'NK promises to destroy all uranium enrichment facilities'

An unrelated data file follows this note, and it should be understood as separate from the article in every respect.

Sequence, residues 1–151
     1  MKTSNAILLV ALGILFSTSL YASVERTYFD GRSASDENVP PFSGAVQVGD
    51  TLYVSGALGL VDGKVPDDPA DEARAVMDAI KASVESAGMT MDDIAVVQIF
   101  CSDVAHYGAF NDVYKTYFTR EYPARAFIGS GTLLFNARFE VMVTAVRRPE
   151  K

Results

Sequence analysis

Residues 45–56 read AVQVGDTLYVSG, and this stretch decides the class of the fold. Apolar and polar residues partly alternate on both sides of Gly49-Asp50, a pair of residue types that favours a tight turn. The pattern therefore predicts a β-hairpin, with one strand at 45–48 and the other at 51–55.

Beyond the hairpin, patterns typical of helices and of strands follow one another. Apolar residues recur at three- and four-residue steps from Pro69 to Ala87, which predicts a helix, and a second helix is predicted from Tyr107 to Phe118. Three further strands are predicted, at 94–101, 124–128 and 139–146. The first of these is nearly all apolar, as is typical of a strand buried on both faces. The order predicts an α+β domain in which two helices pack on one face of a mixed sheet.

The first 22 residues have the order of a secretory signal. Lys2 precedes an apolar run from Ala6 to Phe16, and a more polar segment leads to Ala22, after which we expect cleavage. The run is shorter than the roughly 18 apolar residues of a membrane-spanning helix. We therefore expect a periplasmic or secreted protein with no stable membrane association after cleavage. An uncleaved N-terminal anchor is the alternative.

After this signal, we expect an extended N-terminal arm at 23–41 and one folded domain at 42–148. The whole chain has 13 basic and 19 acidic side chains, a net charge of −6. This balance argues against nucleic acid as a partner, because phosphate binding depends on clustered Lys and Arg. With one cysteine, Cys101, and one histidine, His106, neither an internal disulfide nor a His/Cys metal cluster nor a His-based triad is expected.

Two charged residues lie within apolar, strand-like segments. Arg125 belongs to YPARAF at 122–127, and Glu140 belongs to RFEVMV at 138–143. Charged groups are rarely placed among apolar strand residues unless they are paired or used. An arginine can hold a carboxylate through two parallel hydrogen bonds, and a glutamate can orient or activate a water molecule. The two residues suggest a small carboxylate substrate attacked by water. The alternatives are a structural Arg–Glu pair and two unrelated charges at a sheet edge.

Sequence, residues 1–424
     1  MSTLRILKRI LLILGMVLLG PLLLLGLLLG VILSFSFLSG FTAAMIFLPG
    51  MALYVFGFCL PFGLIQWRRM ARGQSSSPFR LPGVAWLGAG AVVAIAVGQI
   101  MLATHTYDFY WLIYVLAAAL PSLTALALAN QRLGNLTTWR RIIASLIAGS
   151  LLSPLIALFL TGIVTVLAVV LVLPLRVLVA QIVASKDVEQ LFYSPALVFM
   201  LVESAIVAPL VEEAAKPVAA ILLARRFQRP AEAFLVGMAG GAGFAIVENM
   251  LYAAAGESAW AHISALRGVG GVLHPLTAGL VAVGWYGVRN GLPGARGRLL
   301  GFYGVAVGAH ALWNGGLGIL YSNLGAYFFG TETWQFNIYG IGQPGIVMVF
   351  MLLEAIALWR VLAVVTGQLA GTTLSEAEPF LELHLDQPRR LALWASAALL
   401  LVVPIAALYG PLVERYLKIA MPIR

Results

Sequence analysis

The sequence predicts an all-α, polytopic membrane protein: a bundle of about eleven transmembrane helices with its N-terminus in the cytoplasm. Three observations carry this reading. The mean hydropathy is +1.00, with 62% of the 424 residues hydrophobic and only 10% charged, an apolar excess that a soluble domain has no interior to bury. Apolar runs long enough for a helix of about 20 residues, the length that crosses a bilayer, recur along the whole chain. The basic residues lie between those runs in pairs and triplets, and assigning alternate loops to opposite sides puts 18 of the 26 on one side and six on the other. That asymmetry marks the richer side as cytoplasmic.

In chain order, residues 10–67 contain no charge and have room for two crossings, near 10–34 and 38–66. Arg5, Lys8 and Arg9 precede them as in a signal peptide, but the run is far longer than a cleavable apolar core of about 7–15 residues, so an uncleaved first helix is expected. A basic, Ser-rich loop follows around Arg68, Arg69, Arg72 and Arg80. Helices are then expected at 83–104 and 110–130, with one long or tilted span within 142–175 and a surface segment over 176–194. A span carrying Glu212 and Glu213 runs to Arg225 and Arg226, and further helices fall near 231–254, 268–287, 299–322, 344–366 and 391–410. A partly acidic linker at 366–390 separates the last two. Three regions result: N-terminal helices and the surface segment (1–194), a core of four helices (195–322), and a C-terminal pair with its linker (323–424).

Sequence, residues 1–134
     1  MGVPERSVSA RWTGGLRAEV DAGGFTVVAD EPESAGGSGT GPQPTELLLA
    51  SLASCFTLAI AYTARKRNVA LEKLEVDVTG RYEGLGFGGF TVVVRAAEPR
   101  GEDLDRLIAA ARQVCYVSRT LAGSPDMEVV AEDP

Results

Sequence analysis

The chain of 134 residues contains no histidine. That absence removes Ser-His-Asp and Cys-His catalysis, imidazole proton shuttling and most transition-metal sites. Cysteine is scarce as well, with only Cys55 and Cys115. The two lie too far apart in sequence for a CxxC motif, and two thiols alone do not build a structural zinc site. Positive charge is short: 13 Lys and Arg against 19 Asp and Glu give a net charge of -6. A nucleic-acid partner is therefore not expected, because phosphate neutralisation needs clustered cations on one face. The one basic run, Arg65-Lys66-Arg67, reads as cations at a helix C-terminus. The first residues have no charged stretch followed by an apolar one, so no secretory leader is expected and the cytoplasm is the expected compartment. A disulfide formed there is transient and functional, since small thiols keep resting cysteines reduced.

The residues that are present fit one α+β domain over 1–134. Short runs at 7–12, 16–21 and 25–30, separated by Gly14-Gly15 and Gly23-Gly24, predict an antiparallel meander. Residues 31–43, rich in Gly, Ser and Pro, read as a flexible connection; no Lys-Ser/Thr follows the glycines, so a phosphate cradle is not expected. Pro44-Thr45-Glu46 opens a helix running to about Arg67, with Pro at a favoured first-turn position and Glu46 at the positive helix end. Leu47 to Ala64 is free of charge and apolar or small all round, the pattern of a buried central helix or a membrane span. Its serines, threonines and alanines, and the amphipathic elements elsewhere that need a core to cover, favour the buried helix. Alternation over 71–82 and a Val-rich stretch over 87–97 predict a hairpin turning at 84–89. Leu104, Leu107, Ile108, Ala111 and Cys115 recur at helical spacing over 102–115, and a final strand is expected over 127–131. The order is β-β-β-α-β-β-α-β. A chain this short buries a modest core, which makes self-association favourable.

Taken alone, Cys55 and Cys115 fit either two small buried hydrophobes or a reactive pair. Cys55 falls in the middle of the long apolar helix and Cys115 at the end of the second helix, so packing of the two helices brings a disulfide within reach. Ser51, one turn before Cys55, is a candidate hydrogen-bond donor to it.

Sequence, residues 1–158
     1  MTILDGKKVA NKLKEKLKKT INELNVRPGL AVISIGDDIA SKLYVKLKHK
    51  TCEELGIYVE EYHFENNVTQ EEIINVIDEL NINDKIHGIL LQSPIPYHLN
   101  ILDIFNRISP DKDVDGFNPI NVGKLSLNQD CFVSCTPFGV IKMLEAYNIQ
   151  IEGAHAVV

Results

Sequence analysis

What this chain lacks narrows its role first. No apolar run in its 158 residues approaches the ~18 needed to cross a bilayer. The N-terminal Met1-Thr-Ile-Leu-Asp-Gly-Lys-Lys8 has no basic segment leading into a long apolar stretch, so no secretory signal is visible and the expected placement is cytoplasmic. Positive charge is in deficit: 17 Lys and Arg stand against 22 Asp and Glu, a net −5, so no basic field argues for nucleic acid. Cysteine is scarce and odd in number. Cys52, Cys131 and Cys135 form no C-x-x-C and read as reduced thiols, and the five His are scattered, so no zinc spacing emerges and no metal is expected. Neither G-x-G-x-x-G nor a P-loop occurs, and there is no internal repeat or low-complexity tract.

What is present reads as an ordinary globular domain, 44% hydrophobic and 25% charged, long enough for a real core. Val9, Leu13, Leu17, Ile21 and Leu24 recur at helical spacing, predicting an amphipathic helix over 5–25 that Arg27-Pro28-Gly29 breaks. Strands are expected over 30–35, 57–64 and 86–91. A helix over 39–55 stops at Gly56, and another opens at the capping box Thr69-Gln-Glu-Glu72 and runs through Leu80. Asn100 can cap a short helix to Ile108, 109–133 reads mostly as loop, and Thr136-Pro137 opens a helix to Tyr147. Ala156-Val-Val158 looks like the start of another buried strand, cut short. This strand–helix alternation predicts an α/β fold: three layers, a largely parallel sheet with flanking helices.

Trump prepares to officially end Korean War, Biegun says By Kim Yoo-chul North Korea has agreed to hand over a list of its still-unknown uranium and plutonium enrichment facilities inside the country, as its leader Kim Jong-un promised to dismantle all of its such facilities, not just the regime's well-known Yongbyon site, a top U.S. nuclear envoy said, early Friday (KST). Stephen Biegun, the special representative for North Korea, said in a speech at Stanford University in California that the North has "committed to the dismantlement and destruction" of all its uranium and plutonium enrichment facilities both to U.S. Secretary of State Michael Pompeo and to leaders in Seoul. The Korea Times reported that Washington wants North Korea to provide a list of its uranium enrichment facilities as a key prerequisite in exchange for possible easing of economic sanctions. "In describing to us their commitment to dismantle and destroy plutonium and uranium enrichment facilities, the North Koreans also added the critical words and more. This is essential as there is more, much more," Biegun said during his speech. "This complex of sites extending beyond Yongbyon represents the totality of the North Korean plutonium reprocessing and uranium enrichment programs," the envoy said, adding North Korea wants Washington to take "corresponding measures," which he will discuss with North Korean officials in upcoming talks. The U.S. representative stressed Washington will not lift its sanctions placed on North Korea until denuclearization is complete. According to him, there was no "detailed or shared agreement on the definition of what denuclearization entails." "Our view is that it entails the elimination of totality of weapons of mass destruction programs in North Korea," he said, assuring that the United States will not invade North Korea. The "no invasion" initiative is understood by many in Seoul that the United States won't seek regime change in North Korea by providing it security guarantees. Regarding Biegun's comments, Cheong Wa Dae said Friday South Korean President Moon Jae-in's office agreed with the United States and North Korea to continue discussing with them for the "successful outcome" of the upcoming second summit between U.S. President Donald Trump and Kim. Seoul's foreign ministry said Biegun is scheduled to share the latest updates concerning the upcoming Trump-Kim meeting with his South Korean counterpart Lee Do-hoon in Seoul, Feb. 3. The U.S. representative plans to meet North Korean officials on Feb. 4 to narrow their countries' differences ahead of the summit. Trump said that a time and place has been chosen for his much-anticipated second in-person meeting with Kim. "We will be announcing it early next week," Trump told reporters in the Oval Office. "They very much want the meeting, and they really want to do something." Earlier this month, the White House announced the second meeting will take place at the end of February. Political analysts in Seoul said it's highly likely for North Korea to accept repeated requests by the United States to outline a very detailed roadmap on denuclearization at their summit. "The key point, a detailed outline to disband North Korea's nuclear program, should be announced during the Trump-Kim meeting. It really doesn't matter what type of deal as steps toward dismantling the North's nuclear program should be predictable in terms of putting conditions for a possible easing of economic sanctions," said Moon Chung-in, a special advisor on unification and foreign policy to President Moon Jae-in. "Unlike agreements reached by Trump and Kim last June in Singapore, which included vague wordings and non-binding commitments on the North's denuclearization, the upcoming Trump-Kim meeting will produce details on how denuclearization would be achieved and what reciprocal steps should be," presidential adviser Moon said. South Korea hopes for a reopening of the halted Gaeseong Industrial Complex and an early resumption of resort businesses in the North to put inter-Korean economic projects back on track.

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